Do the same with the Bell Pepper. If I had a farm, I’d raise nothing but Bell Peppers. They get up to about $1.50 each around here in the Winter months. During the Summer, I can usually find them at a local roadside produce stand priced at 5 for $1.00. I buy a couple of dollars worth, slice them up and freeze them. This one happened to be fresh though.

Place your skillet over Medium heat. When it’s warm, drop in a couple of Tablespoons of Butter.

Add the diced Bell Peppers.

Add the diced Celery.

Stir them around and saute them until they are lightly browned. Don’t let them burn as you continue to work on the rest of the recipe.

Place the Ground Beef and the Neese’s Sausage in a large mixing bowl. Just remember that you’re only using half the one pound package of Sausage.

Use your fingers and crumble up all the meat.

When you have it all crumbled, mix it up real good.

Add the slightly browned Celery and Bell Peppers. I poured the little bit of butter left in the skillet right in with the veggies.

Crumble up the cornbread and add it into the mixture. I’m going a bit “rustic” here, you might want to crumble your cornbread a bit more, like bread crumbs.

Add the can of Cream of Onion Soup. Do not add the water you would normally add to make the soup, just pour it undiluted, straight out of the can.

Add the Salt.

Add the Black Pepper.

Break the Eggs into a small bowl and whisk them up a bit with a fork.

Add the Eggs to the mixture.

Jump in with both hands and mix it all up really good.

Butter up a 9″ x 5″ loaf pan. Brush the butter all in the bottom and all around the sides, all the way to the top.

Spoon the mixture into the loaf pan and spread it out evenly. Use gentle pressure to pack it down in the pan. Be sure to wipe any excess off from around the edges of the pan, otherwise it’ll just burn right on and make cleaning the pan a bit more trouble. You can thank me later.

Open up the can of Tomato Sauce and pour it all over the top.

Cover the top completely. I wasn’t sure about this part as my pan was about to overflow.

PLEASE NOTE: This is not the typical ketchup and brown sugar glaze – that I happen to like – that you’ll normally find on Southern style Meat Loaf. I can’t say it added a large amount of flavor to the finished product, but we’re following the original recipe.

Since the loaf pan was so full, I opted to wrap a small sheet pan with aluminum foil, and use it as a drip pan underneath the loaf pan, as it baked in the oven.

Bake at 350ºF for a good 60 minutes. You could use a meat thermometer to be sure it’s reached an internal temperature of 170ºF to be on the safe side.

When it’s done, remove it from the oven and just set it aside on a trivet to cool a little. You might see some liquid around the inside edges of the pan when you remove the loaf pan from the oven. Be careful not to spill that and just let it absorb back into the meat as the meat loaf cools down a bit.

Serve warm and Enjoy!

The Hairy Bikers' meat loaf with gravy recipe

The three types of meat used in The Hairy Bikers&rsquo succulent recipe release lots of juice &ndash perfect for turning into a simple serving gravy.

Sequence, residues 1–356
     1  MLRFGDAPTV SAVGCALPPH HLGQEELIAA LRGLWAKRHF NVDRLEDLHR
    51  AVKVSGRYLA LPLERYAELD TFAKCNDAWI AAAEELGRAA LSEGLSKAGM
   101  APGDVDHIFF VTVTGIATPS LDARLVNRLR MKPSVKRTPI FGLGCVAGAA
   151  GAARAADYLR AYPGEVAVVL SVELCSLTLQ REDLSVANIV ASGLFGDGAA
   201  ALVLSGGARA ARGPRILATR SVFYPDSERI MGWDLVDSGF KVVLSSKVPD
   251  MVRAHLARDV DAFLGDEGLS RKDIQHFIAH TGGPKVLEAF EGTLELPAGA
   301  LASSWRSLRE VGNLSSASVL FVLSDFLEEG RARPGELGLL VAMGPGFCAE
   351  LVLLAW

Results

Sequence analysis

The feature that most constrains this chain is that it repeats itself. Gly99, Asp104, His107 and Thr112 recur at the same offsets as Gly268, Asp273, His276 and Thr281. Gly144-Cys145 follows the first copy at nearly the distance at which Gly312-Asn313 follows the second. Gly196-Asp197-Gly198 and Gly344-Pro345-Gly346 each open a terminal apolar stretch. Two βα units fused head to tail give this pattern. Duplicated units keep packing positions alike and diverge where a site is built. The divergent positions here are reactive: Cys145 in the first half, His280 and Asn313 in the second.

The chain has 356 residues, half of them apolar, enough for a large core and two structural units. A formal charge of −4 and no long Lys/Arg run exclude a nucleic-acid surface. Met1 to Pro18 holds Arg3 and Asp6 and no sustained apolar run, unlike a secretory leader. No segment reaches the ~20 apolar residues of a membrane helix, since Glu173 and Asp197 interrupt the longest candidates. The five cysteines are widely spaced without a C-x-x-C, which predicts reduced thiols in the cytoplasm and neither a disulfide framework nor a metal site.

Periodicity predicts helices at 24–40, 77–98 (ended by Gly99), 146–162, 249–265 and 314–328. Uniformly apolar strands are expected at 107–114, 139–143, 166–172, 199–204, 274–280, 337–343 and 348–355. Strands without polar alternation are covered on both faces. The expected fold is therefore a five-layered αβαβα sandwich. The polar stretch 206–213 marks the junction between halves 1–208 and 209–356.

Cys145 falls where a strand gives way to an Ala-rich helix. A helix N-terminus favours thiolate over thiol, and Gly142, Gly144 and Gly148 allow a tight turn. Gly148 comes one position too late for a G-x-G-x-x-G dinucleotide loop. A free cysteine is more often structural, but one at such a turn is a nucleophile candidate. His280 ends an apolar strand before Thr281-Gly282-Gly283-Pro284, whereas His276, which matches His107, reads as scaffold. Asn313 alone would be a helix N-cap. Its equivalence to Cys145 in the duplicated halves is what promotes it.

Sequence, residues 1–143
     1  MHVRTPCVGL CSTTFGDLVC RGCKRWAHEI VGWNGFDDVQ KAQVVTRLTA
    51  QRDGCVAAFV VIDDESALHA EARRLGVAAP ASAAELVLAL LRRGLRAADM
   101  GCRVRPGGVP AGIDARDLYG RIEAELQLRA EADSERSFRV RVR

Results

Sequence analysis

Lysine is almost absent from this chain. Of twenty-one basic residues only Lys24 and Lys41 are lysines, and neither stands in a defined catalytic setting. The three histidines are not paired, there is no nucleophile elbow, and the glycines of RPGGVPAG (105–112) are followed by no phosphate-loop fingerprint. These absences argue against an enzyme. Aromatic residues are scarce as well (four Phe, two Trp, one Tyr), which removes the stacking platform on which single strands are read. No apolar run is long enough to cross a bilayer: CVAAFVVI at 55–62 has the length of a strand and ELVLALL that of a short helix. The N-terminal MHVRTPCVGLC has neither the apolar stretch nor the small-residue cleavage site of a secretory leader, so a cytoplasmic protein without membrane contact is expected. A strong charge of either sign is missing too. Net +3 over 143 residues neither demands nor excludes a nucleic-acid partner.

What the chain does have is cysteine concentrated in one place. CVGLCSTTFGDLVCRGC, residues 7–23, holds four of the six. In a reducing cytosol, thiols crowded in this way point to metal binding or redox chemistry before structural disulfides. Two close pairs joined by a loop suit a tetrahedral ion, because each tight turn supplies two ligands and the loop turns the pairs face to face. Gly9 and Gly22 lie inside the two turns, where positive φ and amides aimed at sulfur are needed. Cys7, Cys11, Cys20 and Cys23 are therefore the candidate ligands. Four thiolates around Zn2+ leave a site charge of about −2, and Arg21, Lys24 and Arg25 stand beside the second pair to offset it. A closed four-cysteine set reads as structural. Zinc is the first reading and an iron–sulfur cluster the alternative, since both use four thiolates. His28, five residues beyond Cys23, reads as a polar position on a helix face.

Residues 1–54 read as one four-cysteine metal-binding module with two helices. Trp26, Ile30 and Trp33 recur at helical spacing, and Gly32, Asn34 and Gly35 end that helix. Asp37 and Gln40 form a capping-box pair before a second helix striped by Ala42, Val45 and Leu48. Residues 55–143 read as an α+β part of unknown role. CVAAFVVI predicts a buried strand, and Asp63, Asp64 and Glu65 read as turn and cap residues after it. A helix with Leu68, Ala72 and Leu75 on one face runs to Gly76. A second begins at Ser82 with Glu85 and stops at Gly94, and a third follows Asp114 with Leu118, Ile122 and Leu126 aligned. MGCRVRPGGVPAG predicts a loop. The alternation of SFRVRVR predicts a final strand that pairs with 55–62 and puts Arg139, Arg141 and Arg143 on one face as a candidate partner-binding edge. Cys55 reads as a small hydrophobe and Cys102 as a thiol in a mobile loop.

This meatloaf doesn&rsquot need a special tin, just form into a loaf shape on a baking tray or roasting tin. You&rsquoll often find it made with a spiced tomato glaze, which brings additional flavour, but you can leave it plain if you prefer.


  • 1 tbsp sunflower or corn oil
  • 1 medium onion, finely chopped
  • 1 medium carrot, peeled and diced
  • 1 celery stick, trimmed and diced
  • 2 garlic cloves, crushed
  • 1.5 tsp hot chilli powder
  • 1 tsp dried thyme or 1 tbsp freshly chopped thyme leaves
  • 300 g lean minced beef
  • 300 g minced pork
  • 450 g good quality sausage meat
  • 7 tbsp tomato ketchup
  • 2 tbsp Worcestershire sauce
  • 75 g fresh white breadcrumbs
  • 1 small bunch (around 20g) flat leaf parsley, leaves chopped
  • 1 large egg, beaten
  • 1 tsp fine sea salt
  • 2 tbsp dark brown sugar
  • 1 pinch freshly ground black pepper
  • 1 tbsp sunflower or corn oil
  • 1 medium onion, finely chopped
  • 1 medium carrot, peeled and diced
  • 1 celery stick, trimmed and diced
  • 2 garlic cloves, crushed
  • 1.5 tsp hot chilli powder
  • 1 tsp dried thyme or 1 tbsp freshly chopped thyme leaves
  • 10.6 oz lean minced beef
  • 10.6 oz minced pork
  • 15.9 oz good quality sausage meat
  • 7 tbsp tomato ketchup
  • 2 tbsp Worcestershire sauce
  • 2.6 oz fresh white breadcrumbs
  • 1 small bunch (around 20g) flat leaf parsley, leaves chopped
  • 1 large egg, beaten
  • 1 tsp fine sea salt
  • 2 tbsp dark brown sugar
  • 1 pinch freshly ground black pepper
  • 1 tbsp sunflower or corn oil
  • 1 medium onion, finely chopped
  • 1 medium carrot, peeled and diced
  • 1 celery stick, trimmed and diced
  • 2 garlic cloves, crushed
  • 1.5 tsp hot chilli powder
  • 1 tsp dried thyme or 1 tbsp freshly chopped thyme leaves
  • 10.6 oz lean minced beef
  • 10.6 oz minced pork
  • 15.9 oz good quality sausage meat
  • 7 tbsp tomato ketchup
  • 2 tbsp Worcestershire sauce
  • 2.6 oz fresh white breadcrumbs
  • 1 small bunch (around 20g) flat leaf parsley, leaves chopped
  • 1 large egg, beaten
  • 1 tsp fine sea salt
  • 2 tbsp dark brown sugar